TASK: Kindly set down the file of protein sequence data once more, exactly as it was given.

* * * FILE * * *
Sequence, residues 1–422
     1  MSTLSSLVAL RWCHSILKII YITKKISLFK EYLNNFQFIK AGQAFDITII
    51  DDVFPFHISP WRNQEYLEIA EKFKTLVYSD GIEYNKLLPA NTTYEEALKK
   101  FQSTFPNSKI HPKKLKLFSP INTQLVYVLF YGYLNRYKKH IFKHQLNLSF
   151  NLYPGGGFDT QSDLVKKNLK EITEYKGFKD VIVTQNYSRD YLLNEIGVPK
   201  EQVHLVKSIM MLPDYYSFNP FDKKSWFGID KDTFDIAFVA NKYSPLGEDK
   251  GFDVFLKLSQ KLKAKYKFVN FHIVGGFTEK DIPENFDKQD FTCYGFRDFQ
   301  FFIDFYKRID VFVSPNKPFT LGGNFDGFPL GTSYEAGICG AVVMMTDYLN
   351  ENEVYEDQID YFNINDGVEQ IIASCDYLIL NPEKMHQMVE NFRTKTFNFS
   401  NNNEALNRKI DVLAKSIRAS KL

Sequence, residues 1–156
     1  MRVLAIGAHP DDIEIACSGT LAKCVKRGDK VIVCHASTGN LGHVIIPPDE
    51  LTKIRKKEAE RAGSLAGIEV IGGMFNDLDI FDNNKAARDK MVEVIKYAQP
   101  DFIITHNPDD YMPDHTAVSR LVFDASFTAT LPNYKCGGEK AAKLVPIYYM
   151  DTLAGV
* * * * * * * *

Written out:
Sequence, residues 1–422
     1  MSTLSSLVAL RWCHSILKII YITKKISLFK EYLNNFQFIK AGQAFDITII
    51  DDVFPFHISP WRNQEYLEIA EKFKTLVYSD GIEYNKLLPA NTTYEEALKK
   101  FQSTFPNSKI HPKKLKLFSP INTQLVYVLF YGYLNRYKKH IFKHQLNLSF
   151  NLYPGGGFDT QSDLVKKNLK EITEYKGFKD VIVTQNYSRD YLLNEIGVPK
   201  EQVHLVKSIM MLPDYYSFNP FDKKSWFGID KDTFDIAFVA NKYSPLGEDK
   251  GFDVFLKLSQ KLKAKYKFVN FHIVGGFTEK DIPENFDKQD FTCYGFRDFQ
   301  FFIDFYKRID VFVSPNKPFT LGGNFDGFPL GTSYEAGICG AVVMMTDYLN
   351  ENEVYEDQID YFNINDGVEQ IIASCDYLIL NPEKMHQMVE NFRTKTFNFS
   401  NNNEALNRKI DVLAKSIRAS KL

Sequence, residues 1–156
     1  MRVLAIGAHP DDIEIACSGT LAKCVKRGDK VIVCHASTGN LGHVIIPPDE
    51  LTKIRKKEAE RAGSLAGIEV IGGMFNDLDI FDNNKAARDK MVEVIKYAQP
   101  DFIITHNPDD YMPDHTAVSR LVFDASFTAT LPNYKCGGEK AAKLVPIYYM
   151  DTLAGV